One/Two brings together the first and second grades to create a community of learners. Building a sense of belonging and camaraderie among the One/Two students is an essential aspect of our social curriculum, and it is interwoven throughout both years. Our multi-age classroom structure provides opportunities for leadership and mentoring. For example, in literacy work, we have emerging readers and writers working alongside and together with classmates who can express themselves on paper, read with confidence, and understand content-rich texts.
 
Language Arts
 
Through our Language Arts curriculum, students read fictional and factual books, and focus on expression through the written and spoken word. Children are introduced to decoding skills, as well as story structure and comprehension. They develop the use of full sentences, appropriate capitalization and punctuation, and standard spelling conventions. Through daily writing activities, students record and express their thoughts, and develop their skill for writing creative stories and poetry. Faculty draw from both Project Read and Handwriting Without Tears curricula, building on students’ exposure to these programs in PreK/K.
 
Mathematics
 
While Language Arts small groups are grouped by ability, our math program is taught by grade, with projects throughout the year where One/Two students work collaboratively. Our focus is on helping students gain a deep understanding of math concepts through the use of manipulatives (such as Cuisenaire rods, unifix cubes, pattern blocks, base 10 blocks, and dice). Faculty draw largely on Marilyn Burns’s approach to teaching mathematics for math instruction in these grades.
 
In Grade One, students discover the relationships between numbers and patters through the use of manipulatives. Math units include number sense, numeration, number and geometric patterns, balancing equations, addition, subtraction, missing addends, multiplication as repeated addition, value systems, simple fractions, time, and money. Estimating, predicting, graphing and problem solving are integrated into the curriculum.
 
In Grade Two, students continue mathematical exploration through the use of literature and manipulatives, enabling them to ‘see’ and understand more complex ideas and content. Students further their understanding of multiplication and division, shapes and properties, logical reasoning, measurement, and begin to gain understanding of multiplication and division.
 
Click here to view the entire Grade One/Two Curriculum, which includes a comprehensive overview of Science, Technology, World Language, the Arts, and Athletics, as well as information on Language Arts and Mathematics.

Classroom Themes

Our thematic curricula alternate biennially between the overarching themes of “Indigenous People of America” and “Long Ago, Far Away: From England to New England.”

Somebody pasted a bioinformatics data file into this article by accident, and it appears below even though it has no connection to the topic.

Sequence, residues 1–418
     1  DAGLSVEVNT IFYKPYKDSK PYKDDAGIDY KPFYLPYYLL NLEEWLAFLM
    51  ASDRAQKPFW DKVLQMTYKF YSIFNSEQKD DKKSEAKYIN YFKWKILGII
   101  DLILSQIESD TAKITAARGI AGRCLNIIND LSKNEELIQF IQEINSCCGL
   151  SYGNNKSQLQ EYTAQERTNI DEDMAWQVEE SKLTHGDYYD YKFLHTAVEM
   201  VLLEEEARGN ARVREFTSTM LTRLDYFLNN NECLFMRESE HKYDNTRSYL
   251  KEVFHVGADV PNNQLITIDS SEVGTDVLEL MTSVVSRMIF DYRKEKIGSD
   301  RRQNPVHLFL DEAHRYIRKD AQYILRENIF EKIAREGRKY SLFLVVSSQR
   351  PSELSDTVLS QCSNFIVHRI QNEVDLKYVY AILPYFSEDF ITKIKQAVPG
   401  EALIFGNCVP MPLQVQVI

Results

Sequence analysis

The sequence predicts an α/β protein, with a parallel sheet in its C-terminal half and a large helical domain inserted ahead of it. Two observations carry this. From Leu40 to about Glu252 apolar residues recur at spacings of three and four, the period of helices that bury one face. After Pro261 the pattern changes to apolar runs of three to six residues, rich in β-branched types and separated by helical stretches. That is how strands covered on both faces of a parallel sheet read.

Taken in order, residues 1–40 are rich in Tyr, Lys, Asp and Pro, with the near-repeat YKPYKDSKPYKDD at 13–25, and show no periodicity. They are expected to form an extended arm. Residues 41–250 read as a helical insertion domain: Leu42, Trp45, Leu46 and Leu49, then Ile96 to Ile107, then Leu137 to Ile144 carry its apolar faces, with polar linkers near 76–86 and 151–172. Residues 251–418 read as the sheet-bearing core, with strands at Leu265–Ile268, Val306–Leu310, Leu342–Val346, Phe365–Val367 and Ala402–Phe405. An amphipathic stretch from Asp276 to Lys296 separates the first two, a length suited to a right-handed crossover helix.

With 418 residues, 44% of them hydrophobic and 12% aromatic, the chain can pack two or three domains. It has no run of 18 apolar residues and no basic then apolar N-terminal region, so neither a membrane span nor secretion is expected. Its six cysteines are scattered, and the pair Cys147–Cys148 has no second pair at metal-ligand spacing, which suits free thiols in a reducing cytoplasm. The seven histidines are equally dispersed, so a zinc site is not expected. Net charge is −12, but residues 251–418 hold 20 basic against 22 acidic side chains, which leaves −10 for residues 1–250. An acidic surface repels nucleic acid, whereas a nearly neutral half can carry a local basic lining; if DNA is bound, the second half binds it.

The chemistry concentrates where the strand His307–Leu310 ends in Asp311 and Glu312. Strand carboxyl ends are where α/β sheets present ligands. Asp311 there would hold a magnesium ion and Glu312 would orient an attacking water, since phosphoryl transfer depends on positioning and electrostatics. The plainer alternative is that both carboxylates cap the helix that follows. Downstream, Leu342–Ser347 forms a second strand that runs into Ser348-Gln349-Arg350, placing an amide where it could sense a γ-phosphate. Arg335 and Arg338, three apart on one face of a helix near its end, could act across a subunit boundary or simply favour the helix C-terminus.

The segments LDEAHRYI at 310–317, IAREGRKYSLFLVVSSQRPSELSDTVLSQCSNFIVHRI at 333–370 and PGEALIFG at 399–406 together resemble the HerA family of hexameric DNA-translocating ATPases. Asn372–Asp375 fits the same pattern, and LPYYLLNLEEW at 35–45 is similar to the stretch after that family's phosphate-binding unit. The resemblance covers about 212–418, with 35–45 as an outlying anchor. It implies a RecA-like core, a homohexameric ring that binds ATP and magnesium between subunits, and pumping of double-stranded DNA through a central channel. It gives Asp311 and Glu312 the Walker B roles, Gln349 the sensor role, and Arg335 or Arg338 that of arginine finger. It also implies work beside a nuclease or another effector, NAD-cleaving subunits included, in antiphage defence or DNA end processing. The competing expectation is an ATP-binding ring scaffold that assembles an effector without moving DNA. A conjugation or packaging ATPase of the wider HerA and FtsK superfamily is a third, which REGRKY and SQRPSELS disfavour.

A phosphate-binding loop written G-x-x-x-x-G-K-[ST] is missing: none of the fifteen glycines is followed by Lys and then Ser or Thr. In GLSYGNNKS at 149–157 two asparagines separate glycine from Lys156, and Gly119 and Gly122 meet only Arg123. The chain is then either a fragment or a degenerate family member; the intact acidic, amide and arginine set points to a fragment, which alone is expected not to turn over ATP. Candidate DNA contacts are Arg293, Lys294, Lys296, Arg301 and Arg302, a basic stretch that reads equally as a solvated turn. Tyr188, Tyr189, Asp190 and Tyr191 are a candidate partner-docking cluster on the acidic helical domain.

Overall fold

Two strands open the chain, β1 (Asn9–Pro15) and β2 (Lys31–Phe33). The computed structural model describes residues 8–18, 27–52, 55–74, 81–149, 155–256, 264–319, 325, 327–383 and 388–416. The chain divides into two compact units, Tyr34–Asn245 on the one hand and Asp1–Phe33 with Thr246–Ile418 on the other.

“Indigenous People of North America”
 
We focus on the lifestyles of the different nations located in the Eastern Woodlands, Plains, Far North, Northwest and Southwest regions of North America. Through exploration, we look at the traditional cultures and ways of life long ago, keeping in mind that many Native people live like we do today. We compare and contrast food, environment/climate, clothing, beliefs, shelters, family roles, and tools/crafts from the differing regions. We also learn how the natural resources from each region easily sustained a lifestyle. Students learn about animals and habitats that pertain to Native Americans, and gain an appreciation of Native American culture, lifestyle, and reverence for nature.
  
"Long Ago, Far Away: From England to New England"
 
In this theme, students study and compare castle life, New England colonial life, and modern life. We begin the year studying European castle architecture, learning about people living in and around a castle, their jobs,the food they ate, and gears and levers. In January, we fast forward in time and travel across the Atlantic. Students learn about the daily life in Colonial times, creating and building a village using their knowledge about castles and “how they worked.” We wrap up the year learning about Benjamin Franklin as an inventor, and then focus on our overarching question: How Do Things Work? We explore, compare, contrast, and research objects of the past with modern technology, and learn about inventions (such as sundials, the printing press, and the iPad), as well as energy and power sources (electricity, wind, and water).

Meet the First Grade Teachers

List of 4 members.

  • Jordy Hertzberg 

    Grade 1-2 Teacher
    Bio
  • Theresa Leone 

    Grade 1-2 Teacher
    Bio
  • Stephanie Smith 

    Grade 1-2 Teacher
    Bio
  • Jen Worthington 

    Grade 1-2 Teacher
    Bio